The Java Tutorial has been an indispensable resource for many programmers learning the Java programming language. This tutorial hopes to serve the same role for developers encountering the Java 2 Platform, Enterprise Edition (J2EE) for the first time. It follows an example-oriented focus similar to the Java Tutorial.
- Who Should Use This Tutorial
- About the Examples
- Related Information
- How to Print This Tutorial
- Typographical Conventions
Who Should Use This Tutorial
This tutorial is intended for programmers interested in developing and deploying J2EE applications. It covers the main component technologies comprising the J2EE platform and describes how to develop J2EE components and deploy them on the J2EE Software Development Kit (SDK).
This tutorial is not intended for J2EE server or tool vendors. It does not explain how to implement the J2EE architecture, nor does it explain the internals of the J2EE SDK. The J2EE specifications describe the J2EE architecture and can be downloaded fromhttp://java.sun.com/j2ee/docs.html#specs
About the Examples
This tutorial includes many complete, working examples. See Examples for a list of the examples and the chapters where they appear.
Prerequisites for the Examples
To understand the examples, you will need a good knowledge of the Java programming language, SQL, and relational database concepts. The topics in the Java Tutorial listed in Table 1 are particularly relevant:
Table 1 Prerequisite Topics Topic
Downloading the Examples
If you are viewing this online and you want to build and run the examples, you need to download the tutorial bundle fromhttp://java.sun.com/j2ee/download.html#tutorial
Once you have installed the bundle, the example source code is in the
j2eetutorial/examples/srcdirectory, with subdirectories
ejbfor enterprise bean technology examples,
webfor Web technology examples, and
connectorfor connector technology examples. For most of the examples, the bundle also includes J2EE application Enterprise Archive EAR files, which are located in the
How to Build and Run the Examples
This tutorial documents the J2EE SDK version 1.3. To build, deploy, and run the examples you need a copy of the J2EE SDK 1.3 and the Java 2 Platform, Standard Edition (J2SE) SDK 1.3.1 (earlier versions were called JDK). You can download the J2EE SDK fromhttp://java.sun.com/j2ee/download.html#sdk
and the J2SE 1.3.1 from:http://java.sun.com/j2se/1.3/
The examples are distributed with a configuration file for version 1.3 of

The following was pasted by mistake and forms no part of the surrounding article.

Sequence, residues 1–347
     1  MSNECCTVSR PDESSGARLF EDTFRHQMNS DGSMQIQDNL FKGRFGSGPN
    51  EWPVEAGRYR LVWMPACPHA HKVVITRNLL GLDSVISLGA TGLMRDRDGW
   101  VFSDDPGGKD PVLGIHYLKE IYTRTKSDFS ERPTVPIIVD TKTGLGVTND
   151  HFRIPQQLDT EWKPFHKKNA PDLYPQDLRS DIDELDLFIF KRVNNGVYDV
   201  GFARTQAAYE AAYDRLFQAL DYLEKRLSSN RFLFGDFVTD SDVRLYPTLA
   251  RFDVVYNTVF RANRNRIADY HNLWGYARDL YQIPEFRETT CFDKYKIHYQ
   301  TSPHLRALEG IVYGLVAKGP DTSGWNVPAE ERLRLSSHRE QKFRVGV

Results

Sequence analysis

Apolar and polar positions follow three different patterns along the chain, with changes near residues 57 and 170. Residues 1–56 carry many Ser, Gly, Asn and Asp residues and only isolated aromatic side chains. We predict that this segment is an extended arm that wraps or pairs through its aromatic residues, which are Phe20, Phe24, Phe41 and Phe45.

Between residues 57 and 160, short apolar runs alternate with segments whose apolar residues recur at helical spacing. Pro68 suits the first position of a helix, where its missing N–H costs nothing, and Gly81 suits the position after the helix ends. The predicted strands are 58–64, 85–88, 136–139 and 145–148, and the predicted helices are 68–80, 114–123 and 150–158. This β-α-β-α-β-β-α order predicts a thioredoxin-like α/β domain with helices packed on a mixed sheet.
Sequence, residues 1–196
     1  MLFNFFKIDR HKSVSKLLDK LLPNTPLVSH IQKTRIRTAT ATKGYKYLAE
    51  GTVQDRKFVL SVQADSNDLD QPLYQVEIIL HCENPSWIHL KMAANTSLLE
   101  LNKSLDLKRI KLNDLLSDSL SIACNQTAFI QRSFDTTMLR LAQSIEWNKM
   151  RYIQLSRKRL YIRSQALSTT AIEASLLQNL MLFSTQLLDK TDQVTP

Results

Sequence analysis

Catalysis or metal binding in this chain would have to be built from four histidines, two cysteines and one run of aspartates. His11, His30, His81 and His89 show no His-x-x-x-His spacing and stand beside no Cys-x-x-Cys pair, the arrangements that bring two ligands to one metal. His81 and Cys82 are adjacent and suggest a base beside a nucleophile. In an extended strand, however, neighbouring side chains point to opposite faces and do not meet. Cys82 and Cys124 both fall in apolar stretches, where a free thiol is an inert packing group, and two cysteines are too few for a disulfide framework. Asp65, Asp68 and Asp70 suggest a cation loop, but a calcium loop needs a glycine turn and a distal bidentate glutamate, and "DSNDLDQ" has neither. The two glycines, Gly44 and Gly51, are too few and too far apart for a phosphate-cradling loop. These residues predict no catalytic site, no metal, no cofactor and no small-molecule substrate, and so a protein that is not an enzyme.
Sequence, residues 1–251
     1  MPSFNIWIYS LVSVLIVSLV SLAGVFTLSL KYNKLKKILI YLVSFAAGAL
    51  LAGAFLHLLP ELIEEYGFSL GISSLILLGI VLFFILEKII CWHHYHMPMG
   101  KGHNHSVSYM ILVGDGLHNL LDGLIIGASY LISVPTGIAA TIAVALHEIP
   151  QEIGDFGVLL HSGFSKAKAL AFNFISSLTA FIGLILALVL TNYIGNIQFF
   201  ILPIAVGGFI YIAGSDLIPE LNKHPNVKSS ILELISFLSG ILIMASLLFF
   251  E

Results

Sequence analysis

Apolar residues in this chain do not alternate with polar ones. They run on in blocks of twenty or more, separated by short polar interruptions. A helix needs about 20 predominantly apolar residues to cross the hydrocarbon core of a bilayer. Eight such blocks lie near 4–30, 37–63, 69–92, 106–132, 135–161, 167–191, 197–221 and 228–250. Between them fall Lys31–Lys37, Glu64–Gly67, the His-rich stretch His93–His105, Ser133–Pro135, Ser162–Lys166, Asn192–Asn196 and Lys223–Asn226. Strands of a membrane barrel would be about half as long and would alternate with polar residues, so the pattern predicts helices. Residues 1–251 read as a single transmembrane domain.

anta portable make tool. The
antutility is hosted by the Jakarta project at the Apache Software Foundation. You can download
To build the tutorial examples:
- Download and install the J2SE SDK 1.3.1, J2EE SDK 1.3, and
- The installation instructions for the J2SE SDK, J2EE SDK, and
antexplain how to set the required environment variables. Verify that the environment variables have been set to the values noted in the Table 1.
Table 1 Settings for Environment Variables Environment Variable
The location of the J2SE SDK installation.
The location of the J2EE SDK installation.
The location of the
Should include the
bindirectories of the J2EE SDK, J2SE SDK, and
- Go to the
target. For example, to build all the examples, execute
ant all; to build the Web layer examples, execute
ant web. The build process deposits the output into the directory
This tutorial provides a concise overview of how to use the central component technologies in the J2EE platform. For more information about these technologies, see the Web sites listed in Table 2
Table 2 Information Sources Component Technology
Enterprise JavaBeans (EJB)
JavaServer Pages (JSP)
The J2EE platform includes a wide variety of APIs that this tutorial only briefly touches on. Some of these technologies have their own tutorials, which are listed in Table 3.
Table 3 Other Tutorials API
Java Message Service (JMS)
Java Naming and Directory Interface (JNDI)
Java API for XML Processing (JAXP)
For complete information on these topics, see the Web sites listed in Table 4.
Table 4 Other Web sites API
Once you have become familiar with the J2EE technologies described in this tutorial, you may be interested in guidelines for architecting J2EE applications. The J2EE BluePrints illustrate best practices for developing and deploying J2EE applications. You can obtain the J2EE BluePrints fromhttp://java.sun.com/blueprints
How to Print This Tutorial
To print this tutorial, follow these steps:
- Ensure that Adobe Acrobat Reader is installed on your system.
- Download the PDF version of this book from
- Click the printer icon in Adobe Acrobat Reader.
Table 5 lists the typographical conventions used in this tutorial.
Table 5 Typographical Conventions Font Style
Emphasis, titles, first occurrence of terms
URLs, code examples, file names, command names, programming language keywords
Programming variables, variable file names
Menu selections indicated with the right-arrow character , for example, FirstSecond, should be interpreted as: select the First menu, then choose Second from the First submenu.
The J2EE tutorial team would like to thank the J2EE SDK team for their technical advice.
We are extremely grateful to the many internal and external reviewers who provided feedback on the tutorial. This helped us to improve the presentation, correct errors, and eliminate bugs.
We would also like to thank our manager, Jim Inscore, for his support and steadying influence.
The chapters on Web components use an example and some material that first appeared in the servlet trail of the Java Tutorial. The chapters on custom tags and the Duke's Bank application use a template tag library that first appeared in the J2EE BluePrints.